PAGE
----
Grief and the Holidays
After someone dies, you may find that your grief surfaces again and again. Often this seems to happen "out of the blue" and it may feel like an unwelcome intrusion. You may be enjoying yourself one moment and then be in tears the next. You may also notice that certain days or events – like Christmas and the holiday season – can cause your grief to increase or return.
That’s why, for many people, December is the most difficult time of the year. Memories of past celebrations with family members or friends who are no longer here can magnify feelings of loss, and you may want to avoid reminders of celebration and togetherness.
If you experience this kind of grief that returns or increases – even years after your loved one died – understand that it is common and a normal aspect of the grieving process. Grief has a timing of its own, sometimes appearing – or disappearing – when we least expect it. This ebb and flow of feelings is very natural and is a sign of healthy coping.
Tips for coping:
- As the holidays approach, it can be helpful to share your concerns, feelings and apprehensions with someone. Let people know what is difficult for you, and accept offers of help.
- Think about how you will respond to others when they offer holiday wishes. You can simply say “Thank you” or “Best wishes to you”.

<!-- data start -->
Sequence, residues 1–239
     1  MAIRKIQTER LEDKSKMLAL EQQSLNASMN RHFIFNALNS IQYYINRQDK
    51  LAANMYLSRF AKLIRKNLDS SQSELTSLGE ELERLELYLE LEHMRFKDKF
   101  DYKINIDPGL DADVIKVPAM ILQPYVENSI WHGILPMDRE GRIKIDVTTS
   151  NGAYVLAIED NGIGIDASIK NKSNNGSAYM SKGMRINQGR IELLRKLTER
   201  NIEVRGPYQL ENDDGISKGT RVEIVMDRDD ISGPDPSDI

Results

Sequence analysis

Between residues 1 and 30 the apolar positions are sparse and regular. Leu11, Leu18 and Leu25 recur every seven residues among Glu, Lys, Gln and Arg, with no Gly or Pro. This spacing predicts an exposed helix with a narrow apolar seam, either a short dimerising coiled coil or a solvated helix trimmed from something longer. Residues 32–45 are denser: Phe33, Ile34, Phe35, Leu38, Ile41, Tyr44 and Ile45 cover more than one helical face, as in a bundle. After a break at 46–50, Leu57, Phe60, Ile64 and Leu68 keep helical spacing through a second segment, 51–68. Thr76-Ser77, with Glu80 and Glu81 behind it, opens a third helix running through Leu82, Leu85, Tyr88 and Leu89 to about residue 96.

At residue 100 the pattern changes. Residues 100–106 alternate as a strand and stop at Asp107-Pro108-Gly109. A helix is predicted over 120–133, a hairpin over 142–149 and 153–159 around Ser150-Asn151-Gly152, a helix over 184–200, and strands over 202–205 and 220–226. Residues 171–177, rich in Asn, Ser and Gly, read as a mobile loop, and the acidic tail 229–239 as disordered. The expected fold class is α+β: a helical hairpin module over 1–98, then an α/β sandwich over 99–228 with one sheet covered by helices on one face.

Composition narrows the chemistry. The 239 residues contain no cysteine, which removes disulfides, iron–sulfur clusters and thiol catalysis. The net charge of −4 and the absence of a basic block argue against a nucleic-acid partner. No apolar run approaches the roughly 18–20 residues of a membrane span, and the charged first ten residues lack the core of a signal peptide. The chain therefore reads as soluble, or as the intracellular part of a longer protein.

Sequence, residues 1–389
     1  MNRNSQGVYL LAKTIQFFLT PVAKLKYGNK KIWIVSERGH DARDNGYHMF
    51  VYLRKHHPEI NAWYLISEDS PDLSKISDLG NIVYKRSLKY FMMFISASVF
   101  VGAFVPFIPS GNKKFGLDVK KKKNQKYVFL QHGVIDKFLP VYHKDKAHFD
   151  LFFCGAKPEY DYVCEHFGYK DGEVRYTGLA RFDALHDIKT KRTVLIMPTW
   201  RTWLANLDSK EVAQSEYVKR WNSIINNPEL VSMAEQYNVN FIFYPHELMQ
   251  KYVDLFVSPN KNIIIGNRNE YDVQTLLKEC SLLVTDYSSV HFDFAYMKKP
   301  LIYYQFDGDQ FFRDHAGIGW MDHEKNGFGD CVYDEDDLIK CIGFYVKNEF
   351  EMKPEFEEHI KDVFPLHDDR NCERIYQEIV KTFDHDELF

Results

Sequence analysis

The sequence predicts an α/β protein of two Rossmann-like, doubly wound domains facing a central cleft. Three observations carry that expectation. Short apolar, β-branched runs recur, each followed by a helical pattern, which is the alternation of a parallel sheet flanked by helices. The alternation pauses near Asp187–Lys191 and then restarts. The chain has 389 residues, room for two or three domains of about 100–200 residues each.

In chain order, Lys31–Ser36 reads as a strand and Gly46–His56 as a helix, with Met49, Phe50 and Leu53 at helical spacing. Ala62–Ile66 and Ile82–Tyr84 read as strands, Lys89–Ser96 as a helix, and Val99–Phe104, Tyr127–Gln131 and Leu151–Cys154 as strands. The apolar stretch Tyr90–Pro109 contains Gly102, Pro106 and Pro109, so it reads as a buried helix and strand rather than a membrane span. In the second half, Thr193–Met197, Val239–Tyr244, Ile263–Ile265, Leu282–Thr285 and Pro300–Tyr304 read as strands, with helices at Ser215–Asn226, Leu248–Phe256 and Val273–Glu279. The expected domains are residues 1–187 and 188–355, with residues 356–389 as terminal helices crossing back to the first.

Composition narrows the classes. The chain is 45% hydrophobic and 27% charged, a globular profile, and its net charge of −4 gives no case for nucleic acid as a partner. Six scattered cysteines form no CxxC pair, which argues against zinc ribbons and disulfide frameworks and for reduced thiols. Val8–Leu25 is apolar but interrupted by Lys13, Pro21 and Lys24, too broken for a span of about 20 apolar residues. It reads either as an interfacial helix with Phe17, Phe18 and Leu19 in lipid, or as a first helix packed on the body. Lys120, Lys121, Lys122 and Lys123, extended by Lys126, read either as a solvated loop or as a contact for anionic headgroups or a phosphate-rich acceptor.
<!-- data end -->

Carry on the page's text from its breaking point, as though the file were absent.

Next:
- Consider cutting back on your holiday traditions by not sending cards, or by enlisting the help of other people with meals and decorating.
- Take time to do something in memory of the person who died, and celebrate their life.
- If you find Christmas shopping upsetting, it may help to shop early, to shop by telephone, the Internet or catalogue, or to take along an understanding friend. You may also decide to go “shopless” this year and make a charitable donation in the name of the person who has died.
- Remind yourself that it’s okay to laugh as well as cry.
- Consider alternatives such as developing new traditions, going away, eating at restaurants or buying gift cards.
- Create a special decoration and give it a place of honour.
And perhaps most importantly, remember that you can always do things differently next year.